By the time I was nineteen and a sophomore at the University of Arizona, I was disillusioned with everything in general, but reading and writing in particular. I was applying to business school and, among other things, ignoring the voice in the back of my head that was telling me that if I couldn’t get an A in Intro to Financial Accounting, I probably shouldn’t be choosing it as my major. I also ignored that English was my strongest subject, rationalizing to myself that an English degree was about as valuable as a Blockbuster card.
The next semester I took Intro to Fiction, half as an elective and half as a way to save my GPA after taking Macroeconomics. A few assignments in, I received an email from my instructor with the title of a book that he thought I might like. It was a collection of short stories by a woman who had recently graduated from a top MFA program and was published by a small independent press located somewhere in the Midwest. I must have read it in a day. I was impressed, thrown even, by the quality of the writing. I had never read anything like it before. It was nothing like the dry classics we read back in AP Lit in highschool or the surface-level, but highly marketable, books that flashed in magazines and filled the shelves of big-box stores. There were no rules here, really—just the ones the author had established for herself. And though I had no idea what those rules were, I knew that she had followed them absolutely. Whoever published this book was not just trying to sell books, they were effectuating art. I still credit a lot to this book. It was a catalyst that, combined with a number of other factors, sent me back onto the English trajectory.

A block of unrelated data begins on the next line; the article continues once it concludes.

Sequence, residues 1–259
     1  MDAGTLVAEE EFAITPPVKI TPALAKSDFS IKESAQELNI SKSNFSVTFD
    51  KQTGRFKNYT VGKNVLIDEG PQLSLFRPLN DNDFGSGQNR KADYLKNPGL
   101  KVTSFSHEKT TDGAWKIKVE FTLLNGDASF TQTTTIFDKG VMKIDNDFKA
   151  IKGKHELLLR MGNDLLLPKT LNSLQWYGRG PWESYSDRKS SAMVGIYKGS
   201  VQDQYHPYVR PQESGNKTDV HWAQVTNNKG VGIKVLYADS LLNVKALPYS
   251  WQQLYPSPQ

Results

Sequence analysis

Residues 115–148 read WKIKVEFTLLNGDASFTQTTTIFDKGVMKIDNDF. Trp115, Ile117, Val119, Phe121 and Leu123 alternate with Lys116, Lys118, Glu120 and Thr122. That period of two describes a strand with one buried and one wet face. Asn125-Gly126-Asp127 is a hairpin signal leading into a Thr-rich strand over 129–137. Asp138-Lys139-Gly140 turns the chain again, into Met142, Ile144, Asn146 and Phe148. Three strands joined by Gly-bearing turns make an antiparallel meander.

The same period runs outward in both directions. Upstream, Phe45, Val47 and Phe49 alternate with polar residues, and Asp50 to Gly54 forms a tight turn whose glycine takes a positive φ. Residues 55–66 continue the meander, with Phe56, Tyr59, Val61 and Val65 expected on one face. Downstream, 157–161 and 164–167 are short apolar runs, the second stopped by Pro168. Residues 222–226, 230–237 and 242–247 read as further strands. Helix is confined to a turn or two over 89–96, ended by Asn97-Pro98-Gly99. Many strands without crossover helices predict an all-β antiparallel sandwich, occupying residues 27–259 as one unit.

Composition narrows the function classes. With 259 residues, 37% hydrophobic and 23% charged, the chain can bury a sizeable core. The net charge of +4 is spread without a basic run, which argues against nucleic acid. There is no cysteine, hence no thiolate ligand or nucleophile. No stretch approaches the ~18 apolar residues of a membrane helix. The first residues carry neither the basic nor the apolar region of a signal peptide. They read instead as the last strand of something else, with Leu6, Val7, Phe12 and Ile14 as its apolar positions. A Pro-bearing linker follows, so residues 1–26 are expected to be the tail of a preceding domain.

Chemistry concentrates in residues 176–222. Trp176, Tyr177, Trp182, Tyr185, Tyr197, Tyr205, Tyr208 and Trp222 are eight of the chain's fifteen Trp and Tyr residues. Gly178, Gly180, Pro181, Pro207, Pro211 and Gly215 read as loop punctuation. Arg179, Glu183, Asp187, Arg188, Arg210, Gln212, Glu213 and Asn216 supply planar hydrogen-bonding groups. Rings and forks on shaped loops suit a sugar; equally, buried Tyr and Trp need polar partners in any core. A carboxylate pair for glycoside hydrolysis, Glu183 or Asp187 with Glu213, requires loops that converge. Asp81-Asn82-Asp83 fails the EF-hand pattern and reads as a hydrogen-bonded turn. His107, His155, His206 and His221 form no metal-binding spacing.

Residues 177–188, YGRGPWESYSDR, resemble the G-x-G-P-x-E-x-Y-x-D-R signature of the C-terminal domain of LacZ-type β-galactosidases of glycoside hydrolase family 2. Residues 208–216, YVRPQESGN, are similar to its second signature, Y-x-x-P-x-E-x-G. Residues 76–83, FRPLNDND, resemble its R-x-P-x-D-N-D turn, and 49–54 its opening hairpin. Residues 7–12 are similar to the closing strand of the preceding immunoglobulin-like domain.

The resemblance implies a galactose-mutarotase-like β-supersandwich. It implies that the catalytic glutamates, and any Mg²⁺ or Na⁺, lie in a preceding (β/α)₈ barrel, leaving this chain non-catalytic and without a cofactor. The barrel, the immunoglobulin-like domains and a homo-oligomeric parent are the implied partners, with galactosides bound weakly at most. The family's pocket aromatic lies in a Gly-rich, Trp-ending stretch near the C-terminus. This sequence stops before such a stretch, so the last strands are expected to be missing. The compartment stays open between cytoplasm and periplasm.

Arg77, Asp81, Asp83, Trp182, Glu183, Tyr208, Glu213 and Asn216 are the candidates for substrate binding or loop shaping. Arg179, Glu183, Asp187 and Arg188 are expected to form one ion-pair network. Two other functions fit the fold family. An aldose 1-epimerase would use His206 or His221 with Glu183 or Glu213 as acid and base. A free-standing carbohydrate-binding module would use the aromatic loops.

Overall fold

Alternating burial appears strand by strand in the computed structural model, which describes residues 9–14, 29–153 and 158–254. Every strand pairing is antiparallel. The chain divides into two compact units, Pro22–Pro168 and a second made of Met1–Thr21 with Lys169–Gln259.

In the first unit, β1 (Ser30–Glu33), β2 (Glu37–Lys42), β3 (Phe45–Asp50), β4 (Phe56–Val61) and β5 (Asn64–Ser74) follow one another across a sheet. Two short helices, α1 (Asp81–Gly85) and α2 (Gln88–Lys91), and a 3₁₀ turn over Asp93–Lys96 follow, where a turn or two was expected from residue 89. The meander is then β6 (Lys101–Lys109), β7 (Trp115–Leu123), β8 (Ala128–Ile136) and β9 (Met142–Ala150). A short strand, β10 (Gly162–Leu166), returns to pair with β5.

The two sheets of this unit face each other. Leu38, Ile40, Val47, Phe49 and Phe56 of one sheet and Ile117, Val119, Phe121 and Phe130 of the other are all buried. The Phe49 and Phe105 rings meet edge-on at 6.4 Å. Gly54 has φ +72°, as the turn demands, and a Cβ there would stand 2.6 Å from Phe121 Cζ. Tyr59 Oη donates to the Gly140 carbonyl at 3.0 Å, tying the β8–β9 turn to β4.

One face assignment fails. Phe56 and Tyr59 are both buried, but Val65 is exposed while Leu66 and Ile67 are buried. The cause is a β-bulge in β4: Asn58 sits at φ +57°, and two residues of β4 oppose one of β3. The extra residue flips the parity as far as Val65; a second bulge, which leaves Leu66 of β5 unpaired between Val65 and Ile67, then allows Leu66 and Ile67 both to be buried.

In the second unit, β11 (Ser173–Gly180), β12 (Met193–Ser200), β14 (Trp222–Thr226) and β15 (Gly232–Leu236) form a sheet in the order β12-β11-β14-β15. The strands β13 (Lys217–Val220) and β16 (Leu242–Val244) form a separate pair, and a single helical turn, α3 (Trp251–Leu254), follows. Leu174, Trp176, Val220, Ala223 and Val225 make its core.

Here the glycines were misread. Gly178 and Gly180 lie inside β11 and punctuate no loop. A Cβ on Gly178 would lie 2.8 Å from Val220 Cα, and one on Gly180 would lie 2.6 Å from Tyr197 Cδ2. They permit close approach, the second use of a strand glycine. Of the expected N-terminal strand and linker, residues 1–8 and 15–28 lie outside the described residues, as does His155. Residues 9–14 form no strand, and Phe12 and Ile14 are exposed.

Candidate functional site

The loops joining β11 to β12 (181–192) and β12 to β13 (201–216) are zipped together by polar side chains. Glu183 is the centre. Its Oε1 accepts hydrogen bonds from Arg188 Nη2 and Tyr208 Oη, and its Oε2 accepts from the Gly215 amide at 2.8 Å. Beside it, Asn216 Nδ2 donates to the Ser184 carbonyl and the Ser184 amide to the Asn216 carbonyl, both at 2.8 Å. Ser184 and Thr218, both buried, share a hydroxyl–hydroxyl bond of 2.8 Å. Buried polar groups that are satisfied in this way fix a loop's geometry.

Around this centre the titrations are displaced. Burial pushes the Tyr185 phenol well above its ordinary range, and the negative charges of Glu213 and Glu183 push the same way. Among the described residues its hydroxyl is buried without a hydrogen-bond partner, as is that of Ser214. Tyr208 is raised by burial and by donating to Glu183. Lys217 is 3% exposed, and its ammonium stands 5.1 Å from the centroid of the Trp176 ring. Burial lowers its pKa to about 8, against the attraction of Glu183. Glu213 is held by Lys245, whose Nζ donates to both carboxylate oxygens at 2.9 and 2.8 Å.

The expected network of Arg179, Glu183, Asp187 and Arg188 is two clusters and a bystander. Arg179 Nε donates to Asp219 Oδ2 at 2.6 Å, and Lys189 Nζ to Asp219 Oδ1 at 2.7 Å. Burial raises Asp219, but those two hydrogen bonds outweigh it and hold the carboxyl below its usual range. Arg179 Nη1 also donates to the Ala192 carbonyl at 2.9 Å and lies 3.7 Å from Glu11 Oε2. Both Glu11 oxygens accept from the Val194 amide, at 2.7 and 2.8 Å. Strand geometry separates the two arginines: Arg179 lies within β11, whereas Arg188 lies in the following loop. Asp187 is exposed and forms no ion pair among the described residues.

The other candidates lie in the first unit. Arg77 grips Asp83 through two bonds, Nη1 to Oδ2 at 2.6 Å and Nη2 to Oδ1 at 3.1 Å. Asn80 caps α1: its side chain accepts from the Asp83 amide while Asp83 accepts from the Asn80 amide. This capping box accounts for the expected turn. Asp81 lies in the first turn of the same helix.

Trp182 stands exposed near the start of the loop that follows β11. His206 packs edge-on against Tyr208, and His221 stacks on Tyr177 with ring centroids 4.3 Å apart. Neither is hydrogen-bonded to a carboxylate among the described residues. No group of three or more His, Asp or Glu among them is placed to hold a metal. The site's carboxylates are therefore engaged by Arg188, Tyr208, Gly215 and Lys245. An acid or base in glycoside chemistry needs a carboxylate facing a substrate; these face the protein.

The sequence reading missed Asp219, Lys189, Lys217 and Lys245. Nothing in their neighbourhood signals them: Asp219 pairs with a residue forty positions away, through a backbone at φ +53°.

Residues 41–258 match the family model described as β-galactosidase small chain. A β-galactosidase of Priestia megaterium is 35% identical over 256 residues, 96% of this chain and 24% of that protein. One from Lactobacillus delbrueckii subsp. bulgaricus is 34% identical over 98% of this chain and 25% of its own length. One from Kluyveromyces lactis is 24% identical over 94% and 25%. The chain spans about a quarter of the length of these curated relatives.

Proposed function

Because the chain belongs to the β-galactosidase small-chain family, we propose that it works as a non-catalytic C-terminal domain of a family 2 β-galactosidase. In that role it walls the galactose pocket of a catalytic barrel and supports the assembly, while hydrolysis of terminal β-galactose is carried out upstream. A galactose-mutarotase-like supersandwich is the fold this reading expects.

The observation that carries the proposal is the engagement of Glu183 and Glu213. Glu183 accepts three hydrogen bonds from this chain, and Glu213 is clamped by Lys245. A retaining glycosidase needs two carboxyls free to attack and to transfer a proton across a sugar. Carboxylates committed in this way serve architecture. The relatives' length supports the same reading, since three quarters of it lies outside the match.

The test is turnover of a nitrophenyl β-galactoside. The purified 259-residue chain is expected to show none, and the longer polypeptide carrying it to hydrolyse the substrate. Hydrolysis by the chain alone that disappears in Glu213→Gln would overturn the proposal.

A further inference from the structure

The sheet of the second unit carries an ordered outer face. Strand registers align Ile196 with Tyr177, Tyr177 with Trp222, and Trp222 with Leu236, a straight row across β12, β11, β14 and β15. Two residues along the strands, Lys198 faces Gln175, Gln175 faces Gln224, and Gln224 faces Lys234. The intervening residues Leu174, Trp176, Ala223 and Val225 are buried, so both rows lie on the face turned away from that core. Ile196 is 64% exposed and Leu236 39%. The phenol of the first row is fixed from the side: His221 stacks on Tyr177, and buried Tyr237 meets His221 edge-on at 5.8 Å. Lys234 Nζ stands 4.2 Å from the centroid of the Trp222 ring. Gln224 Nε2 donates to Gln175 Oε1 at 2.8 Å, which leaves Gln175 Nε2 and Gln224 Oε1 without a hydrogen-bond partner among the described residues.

Five years later, I was stuck again. I had a degree and had spent a year using it as an HR manager for one of the big-box stores that I had previously vilified. And I had spent two more years pouring IPAs and stirring old fashioneds. I had a bedroom filled with old issues of McSweeney’s that I found and bought in secondhand bookstores—I needed to be saved again.
My salvation happened in two waves. First, with Marty McConnell’s article “Frida Kahlo to Marty McConnell” in the twenty-third issue of Salt Hill. Then with Kat Moore’s article “Winter” in the adventure issue of New South; it couldn’t have been more than a thousand words. I bought issues of everything Moore had ever published. I applied to Portland State’s master’s in book publishing program.
Independent publishing changed the way I read, the way I write, and the way I find new things to read. It’s opened me up to new art, music, and ideas. It’s one of those crafts that people pour a lot of time and heart into, without much in return. And for that I am grateful.
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